Cleveland Mayor Tom Rowland and first lady Sandra are in Washington, D.C., today accepting a $10,000 check from Newman’s Own and a USA Weekend Make A Difference Day city award.
“It proves even more that we are ‘The City With Spirit,’” Rowland said. “To go and represent so many volunteers who give of themselves to help others is an honor.”
The awards luncheon was to be held at the National Museum of Women in the Arts.
Award winners had the chance to meet one another during a reception before the luncheon.
Four music, political and network news celebrities were scheduled to present the awards. They included Jon Bon Jovi, a legendary rock music star; Jenna Bush Hager, the daughter of former President George Bush; and NBC “Today” show hosts Matt Lauer and Savannah Guthrie. All four are well known for their philanthropic work.
Recipients were offered a chance for a two-hour tour of the city, but the Rowlands did not participate because they had visited the sights and city before.
Cleveland’s volunteer efforts as part of last year’s Make A Difference Day have been highlighted nationally in the USA Weekend and internationally on the USA Today website.
Numerous activities took place around town Oct. 25, the day chosen as Make a Difference Day and the days surrounding it.
Two job fairs were held. People for Care and Learning held its Bike 2 Build fundraiser for the Build a City project in Cambodia. Lee University students packed bags of food for underprivileged children. The 40 & 8 Society 5-kilometer road race raised funds for nursing scholarships. Walks were held by New Hope Pregnancy Care Center and CASA of Bradley County to raise money for their respective organizations. New Hope Pregnancy Care Center helps women and families facing unplanned pregnancy; CASA provides Court Appointed Special Advocates to speak for the best interests of children of abuse or related cases that come through the Bradley County courts.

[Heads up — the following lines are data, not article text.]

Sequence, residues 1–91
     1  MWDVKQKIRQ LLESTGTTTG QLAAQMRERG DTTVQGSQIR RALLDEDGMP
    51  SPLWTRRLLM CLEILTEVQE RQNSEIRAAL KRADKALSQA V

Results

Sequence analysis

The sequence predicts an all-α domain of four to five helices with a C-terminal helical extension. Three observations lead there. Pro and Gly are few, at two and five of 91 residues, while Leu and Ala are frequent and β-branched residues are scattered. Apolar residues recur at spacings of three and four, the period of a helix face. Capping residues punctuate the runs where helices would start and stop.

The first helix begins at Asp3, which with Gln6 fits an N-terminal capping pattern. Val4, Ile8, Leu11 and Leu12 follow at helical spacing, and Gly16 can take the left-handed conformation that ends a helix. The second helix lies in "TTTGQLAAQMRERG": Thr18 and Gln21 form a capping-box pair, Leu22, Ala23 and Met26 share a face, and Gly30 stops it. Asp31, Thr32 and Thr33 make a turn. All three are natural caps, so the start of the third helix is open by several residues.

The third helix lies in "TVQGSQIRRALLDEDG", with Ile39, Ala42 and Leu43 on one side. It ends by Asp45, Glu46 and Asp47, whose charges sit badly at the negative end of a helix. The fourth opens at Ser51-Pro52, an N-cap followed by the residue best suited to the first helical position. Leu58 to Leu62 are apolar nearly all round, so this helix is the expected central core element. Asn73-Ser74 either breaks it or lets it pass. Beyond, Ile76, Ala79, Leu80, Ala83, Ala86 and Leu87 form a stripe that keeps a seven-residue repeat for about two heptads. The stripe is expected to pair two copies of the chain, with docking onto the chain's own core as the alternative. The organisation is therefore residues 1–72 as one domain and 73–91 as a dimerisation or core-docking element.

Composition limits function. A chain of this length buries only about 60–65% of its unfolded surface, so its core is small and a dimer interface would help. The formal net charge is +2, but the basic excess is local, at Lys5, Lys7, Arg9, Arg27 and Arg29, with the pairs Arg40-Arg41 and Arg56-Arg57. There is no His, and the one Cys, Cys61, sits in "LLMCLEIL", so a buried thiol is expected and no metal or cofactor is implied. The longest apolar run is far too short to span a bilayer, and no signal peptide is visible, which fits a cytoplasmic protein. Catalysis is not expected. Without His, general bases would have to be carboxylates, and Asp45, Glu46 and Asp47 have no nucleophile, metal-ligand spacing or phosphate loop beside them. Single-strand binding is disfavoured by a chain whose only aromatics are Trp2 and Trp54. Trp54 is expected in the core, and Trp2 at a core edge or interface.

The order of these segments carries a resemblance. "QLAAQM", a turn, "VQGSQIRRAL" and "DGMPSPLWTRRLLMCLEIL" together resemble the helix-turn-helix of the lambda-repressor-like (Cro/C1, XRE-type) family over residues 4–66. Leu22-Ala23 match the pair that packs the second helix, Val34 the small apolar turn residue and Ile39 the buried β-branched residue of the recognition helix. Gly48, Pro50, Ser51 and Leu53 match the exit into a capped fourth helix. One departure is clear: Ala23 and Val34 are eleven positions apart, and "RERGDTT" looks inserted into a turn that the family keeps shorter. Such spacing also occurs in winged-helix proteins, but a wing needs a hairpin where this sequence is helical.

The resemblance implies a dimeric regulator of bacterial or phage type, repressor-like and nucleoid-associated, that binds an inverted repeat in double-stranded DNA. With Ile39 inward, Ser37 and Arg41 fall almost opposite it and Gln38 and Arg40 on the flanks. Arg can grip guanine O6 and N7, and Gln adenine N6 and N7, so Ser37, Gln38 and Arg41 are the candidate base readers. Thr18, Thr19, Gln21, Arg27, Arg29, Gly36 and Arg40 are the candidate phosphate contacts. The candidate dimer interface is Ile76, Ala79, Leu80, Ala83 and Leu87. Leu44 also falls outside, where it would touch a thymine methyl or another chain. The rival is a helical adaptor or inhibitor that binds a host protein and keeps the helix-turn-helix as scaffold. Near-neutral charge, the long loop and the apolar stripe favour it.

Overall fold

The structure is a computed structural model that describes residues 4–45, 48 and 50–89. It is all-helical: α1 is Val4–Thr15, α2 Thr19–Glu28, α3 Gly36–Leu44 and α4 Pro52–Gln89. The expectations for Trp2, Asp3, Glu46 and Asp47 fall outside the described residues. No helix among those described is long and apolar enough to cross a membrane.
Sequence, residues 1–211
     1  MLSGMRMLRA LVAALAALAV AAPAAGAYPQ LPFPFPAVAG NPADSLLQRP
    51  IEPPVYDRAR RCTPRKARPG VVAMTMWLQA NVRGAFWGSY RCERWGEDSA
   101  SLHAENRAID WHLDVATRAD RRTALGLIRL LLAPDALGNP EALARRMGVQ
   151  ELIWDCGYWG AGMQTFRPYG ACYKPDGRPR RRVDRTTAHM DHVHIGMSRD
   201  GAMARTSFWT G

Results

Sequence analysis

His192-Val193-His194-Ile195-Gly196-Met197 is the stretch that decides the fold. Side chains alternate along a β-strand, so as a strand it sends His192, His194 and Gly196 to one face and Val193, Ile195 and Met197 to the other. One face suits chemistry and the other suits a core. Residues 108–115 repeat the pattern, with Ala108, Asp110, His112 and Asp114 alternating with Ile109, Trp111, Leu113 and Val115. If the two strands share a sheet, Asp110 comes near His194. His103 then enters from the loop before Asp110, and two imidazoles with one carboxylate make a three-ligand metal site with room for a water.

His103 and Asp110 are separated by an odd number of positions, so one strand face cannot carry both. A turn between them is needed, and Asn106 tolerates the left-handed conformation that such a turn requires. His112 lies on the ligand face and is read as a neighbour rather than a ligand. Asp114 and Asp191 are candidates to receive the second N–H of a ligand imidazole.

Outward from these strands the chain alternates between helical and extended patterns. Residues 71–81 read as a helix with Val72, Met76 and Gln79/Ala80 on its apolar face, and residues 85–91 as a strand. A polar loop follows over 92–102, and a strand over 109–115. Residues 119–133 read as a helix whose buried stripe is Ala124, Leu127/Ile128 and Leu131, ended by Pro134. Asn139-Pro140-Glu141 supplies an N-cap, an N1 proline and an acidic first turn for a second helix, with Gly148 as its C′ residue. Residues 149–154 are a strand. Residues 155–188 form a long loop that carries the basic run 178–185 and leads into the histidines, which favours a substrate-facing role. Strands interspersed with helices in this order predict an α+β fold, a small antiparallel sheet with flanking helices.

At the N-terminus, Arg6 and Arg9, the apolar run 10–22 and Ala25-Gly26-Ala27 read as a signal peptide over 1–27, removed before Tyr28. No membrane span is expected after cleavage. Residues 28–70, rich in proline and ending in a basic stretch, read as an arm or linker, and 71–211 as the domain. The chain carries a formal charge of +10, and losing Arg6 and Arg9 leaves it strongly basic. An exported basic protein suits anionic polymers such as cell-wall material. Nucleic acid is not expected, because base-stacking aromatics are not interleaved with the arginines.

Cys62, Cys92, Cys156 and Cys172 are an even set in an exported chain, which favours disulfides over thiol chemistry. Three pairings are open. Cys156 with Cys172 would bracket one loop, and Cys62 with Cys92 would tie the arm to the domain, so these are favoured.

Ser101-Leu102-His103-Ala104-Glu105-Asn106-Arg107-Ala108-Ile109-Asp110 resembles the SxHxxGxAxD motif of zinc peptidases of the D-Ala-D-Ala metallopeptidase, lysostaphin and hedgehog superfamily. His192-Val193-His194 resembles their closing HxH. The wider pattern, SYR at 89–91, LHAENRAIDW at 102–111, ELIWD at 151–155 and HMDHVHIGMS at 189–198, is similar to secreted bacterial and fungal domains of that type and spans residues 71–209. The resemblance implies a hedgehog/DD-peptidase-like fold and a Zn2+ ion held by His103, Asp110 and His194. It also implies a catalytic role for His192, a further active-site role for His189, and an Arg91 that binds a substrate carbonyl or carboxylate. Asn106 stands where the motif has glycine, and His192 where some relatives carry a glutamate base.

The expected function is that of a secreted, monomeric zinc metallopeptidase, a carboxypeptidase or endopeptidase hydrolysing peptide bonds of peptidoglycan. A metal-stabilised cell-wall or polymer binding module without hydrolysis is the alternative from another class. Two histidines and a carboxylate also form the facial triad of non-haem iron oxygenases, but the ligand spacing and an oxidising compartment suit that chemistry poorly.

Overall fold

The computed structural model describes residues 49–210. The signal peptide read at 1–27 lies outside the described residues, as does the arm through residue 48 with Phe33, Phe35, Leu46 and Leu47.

More than 800 volunteers were estimated to have participated, and tens of thousands of dollars were raised.
Rowland said he had worked to bring awareness to the service recognition opportunity since 1991.
While Cleveland had been featured in the USA Weekend in the past, it had never been chosen as an award recipient.
Rowland had hoped since there were so many organizations involved that the award money could be divided among several of them. However, the award requires the money to be given to one nonprofit.
The recipient was chosen at random and CASA was selected.
“I really couldn’t believe it, but I was really proud of the work we had done,” said Suzanne Wisdom, who is executive director.
She said she knew the Melisha Gibson Light of Hope Moonlight Walk had meant a lot to the community and she “was glad to see that recognized.”
Wisdom said the funds will go toward recruiting and training new volunteers.
“Funding has been a challenge for us. The work we do — I think a lot of people don’t understand,” Wisdom said.
Prospective volunteers undergo an intensive background screening and 35 hours of training, including hands-on court training.
These volunteers represent the needs of the child in specific cases to advocate what is best for the juvenile.
Wisdom said judges appoint a special advocate to the case if child abuse or neglect, or other conditions deemed harmful, are suspected.
Court advocates typically work on one to two cases at a time. Wisdom said one advocate could handle up to 20 cases a year.
USA Weekend is a regular magazine provided to Cleveland Daily Banner readers in the Sunday edition.
Rowland and Cleveland Daily Banner Publisher Stephen Crass will present the prize money to Wisdom and her group at a later date.